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Domino's Pizza, Inc. (NYSE:DPZ) Looks Interesting, And It's About To Pay A Dividend

Simply Wall St

Some investors rely on dividends for growing their wealth, and if you're one of those dividend sleuths, you might be intrigued to know that Domino's Pizza, Inc. (NYSE:DPZ) is about to go ex-dividend in just 4 days. This means that investors who purchase shares on or after the 12th of September will not receive the dividend, which will be paid on the 30th of September.

Domino's Pizza's next dividend payment will be US$0.65 per share. Last year, in total, the company distributed US$2.60 to shareholders. Based on the last year's worth of payments, Domino's Pizza has a trailing yield of 1.1% on the current stock price of $237.35. Dividends are a major contributor to investment returns for long term holders, but only if the dividend continues to be paid. So we need to check whether the dividend payments are covered, and if earnings are growing.

See our latest analysis for Domino's Pizza

Dividends are typically paid out of company income, so if a company pays out more than it earned, its dividend is usually at a higher risk of being cut. Domino's Pizza paid out a comfortable 26% of its profit last year. Yet cash flow is typically more important than profit for assessing dividend sustainability, so we should always check if the company generated enough cash to afford its dividend. Thankfully its dividend payments took up just 29% of the free cash flow it generated, which is a comfortable payout ratio.

It's encouraging to see that the dividend is covered by both profit and cash flow. This generally suggests the dividend is sustainable, as long as earnings don't drop precipitously.

Click here to see the company's payout ratio, plus analyst estimates of its future dividends.

NYSE:DPZ Historical Dividend Yield, September 7th 2019

Have Earnings And Dividends Been Growing?

Companies with consistently growing earnings per share generally make the best dividend stocks, as they usually find it easier to grow dividends per share. If earnings fall far enough, the company could be forced to cut its dividend. It's encouraging to see Domino's Pizza has grown its earnings rapidly, up 29% a year for the past five years. Earnings per share have been growing very quickly, and the company is paying out a relatively low percentage of its profit and cash flow. This is a very favourable combination that can often lead to the dividend multiplying over the long term, if earnings grow and the company pays out a higher percentage of its earnings.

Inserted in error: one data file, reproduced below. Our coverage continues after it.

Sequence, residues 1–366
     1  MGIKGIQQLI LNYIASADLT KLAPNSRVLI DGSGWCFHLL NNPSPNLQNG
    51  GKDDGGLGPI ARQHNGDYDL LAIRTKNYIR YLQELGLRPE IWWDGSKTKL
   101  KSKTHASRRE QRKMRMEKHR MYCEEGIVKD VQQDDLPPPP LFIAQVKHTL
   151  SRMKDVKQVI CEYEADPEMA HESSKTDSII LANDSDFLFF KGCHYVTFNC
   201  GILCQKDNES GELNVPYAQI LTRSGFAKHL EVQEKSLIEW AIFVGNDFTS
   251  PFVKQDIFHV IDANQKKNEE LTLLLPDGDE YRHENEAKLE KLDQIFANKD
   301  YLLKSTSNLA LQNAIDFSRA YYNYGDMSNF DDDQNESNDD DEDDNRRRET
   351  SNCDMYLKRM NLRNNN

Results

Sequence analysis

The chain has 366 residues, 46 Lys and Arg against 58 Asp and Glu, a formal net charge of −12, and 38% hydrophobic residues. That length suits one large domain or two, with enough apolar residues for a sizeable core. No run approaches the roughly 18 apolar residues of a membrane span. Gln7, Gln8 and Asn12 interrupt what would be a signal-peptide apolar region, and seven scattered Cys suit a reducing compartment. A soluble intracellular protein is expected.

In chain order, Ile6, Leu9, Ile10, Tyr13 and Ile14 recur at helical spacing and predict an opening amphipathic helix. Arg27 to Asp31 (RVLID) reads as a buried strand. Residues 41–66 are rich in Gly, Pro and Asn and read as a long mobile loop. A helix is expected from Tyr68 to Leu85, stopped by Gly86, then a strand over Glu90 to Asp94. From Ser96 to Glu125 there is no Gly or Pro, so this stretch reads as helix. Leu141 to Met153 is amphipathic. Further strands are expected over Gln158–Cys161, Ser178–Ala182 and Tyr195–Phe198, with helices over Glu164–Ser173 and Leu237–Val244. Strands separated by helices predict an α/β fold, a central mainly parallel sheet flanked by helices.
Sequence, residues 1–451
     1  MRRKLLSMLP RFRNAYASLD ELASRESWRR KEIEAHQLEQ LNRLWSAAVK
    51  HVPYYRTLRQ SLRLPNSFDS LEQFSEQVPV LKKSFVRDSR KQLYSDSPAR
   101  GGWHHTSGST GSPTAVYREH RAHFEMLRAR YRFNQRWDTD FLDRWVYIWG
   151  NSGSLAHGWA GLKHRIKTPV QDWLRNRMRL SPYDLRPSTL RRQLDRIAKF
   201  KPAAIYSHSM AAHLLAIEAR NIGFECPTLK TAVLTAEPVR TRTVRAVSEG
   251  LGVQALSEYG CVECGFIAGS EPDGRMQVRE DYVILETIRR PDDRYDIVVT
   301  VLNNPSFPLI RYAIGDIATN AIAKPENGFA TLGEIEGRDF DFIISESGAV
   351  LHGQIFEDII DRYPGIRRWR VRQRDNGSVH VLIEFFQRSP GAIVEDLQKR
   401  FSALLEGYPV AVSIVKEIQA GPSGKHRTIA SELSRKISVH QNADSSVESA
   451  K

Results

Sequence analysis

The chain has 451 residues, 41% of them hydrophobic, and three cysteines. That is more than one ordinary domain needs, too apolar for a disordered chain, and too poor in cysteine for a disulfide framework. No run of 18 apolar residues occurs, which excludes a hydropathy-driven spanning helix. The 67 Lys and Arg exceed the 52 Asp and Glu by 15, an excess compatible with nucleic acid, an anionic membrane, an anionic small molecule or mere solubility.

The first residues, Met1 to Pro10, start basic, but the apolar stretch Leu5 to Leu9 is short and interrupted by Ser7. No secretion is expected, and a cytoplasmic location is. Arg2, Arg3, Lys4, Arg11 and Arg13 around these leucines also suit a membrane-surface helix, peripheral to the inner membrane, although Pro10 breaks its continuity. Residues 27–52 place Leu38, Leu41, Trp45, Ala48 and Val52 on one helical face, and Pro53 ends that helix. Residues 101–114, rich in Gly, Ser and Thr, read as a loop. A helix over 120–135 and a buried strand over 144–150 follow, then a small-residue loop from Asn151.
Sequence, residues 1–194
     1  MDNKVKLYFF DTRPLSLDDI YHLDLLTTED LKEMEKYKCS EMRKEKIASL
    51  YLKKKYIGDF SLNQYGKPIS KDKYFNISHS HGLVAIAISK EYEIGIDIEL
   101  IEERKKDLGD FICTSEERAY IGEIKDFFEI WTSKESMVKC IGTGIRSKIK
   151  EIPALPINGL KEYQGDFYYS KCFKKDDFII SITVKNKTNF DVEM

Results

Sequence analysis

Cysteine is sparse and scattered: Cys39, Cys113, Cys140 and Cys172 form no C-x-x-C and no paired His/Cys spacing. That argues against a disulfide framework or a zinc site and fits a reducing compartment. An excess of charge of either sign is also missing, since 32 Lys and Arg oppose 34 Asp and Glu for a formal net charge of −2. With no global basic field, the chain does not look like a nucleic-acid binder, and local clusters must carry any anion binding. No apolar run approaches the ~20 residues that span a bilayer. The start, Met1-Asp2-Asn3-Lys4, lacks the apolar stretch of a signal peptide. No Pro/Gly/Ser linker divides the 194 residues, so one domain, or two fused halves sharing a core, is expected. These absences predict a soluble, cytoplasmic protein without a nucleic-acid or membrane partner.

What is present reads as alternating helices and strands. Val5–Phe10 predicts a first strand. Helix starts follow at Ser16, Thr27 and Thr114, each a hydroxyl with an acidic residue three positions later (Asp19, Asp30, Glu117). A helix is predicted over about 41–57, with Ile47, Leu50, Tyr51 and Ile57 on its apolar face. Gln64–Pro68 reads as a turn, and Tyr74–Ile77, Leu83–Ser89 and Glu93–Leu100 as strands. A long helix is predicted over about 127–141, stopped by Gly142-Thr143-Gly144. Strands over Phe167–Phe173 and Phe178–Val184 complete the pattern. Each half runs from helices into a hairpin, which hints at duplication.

The main way most investors will assess a company's dividend prospects is by checking the historical rate of dividend growth. Domino's Pizza has delivered an average of 18% per year annual increase in its dividend, based on the past 7 years of dividend payments. Both per-share earnings and dividends have both been growing rapidly in recent times, which is great to see.

To Sum It Up

Is Domino's Pizza an attractive dividend stock, or better left on the shelf? We love that Domino's Pizza is growing earnings per share while simultaneously paying out a low percentage of both its earnings and cash flow. These characteristics suggest the company is reinvesting in growing its business, while the conservative payout ratio also implies a reduced risk of the dividend being cut in the future. Overall we think this is an attractive combination and worthy of further research.

Wondering what the future holds for Domino's Pizza? See what the 23 analysts we track are forecasting, with this visualisation of its historical and future estimated earnings and cash flow

We wouldn't recommend just buying the first dividend stock you see, though. Here's a list of interesting dividend stocks with a greater than 2% yield and an upcoming dividend.

We aim to bring you long-term focused research analysis driven by fundamental data. Note that our analysis may not factor in the latest price-sensitive company announcements or qualitative material.

If you spot an error that warrants correction, please contact the editor at editorial-team@simplywallst.com. This article by Simply Wall St is general in nature. It does not constitute a recommendation to buy or sell any stock, and does not take account of your objectives, or your financial situation. Simply Wall St has no position in the stocks mentioned. Thank you for reading.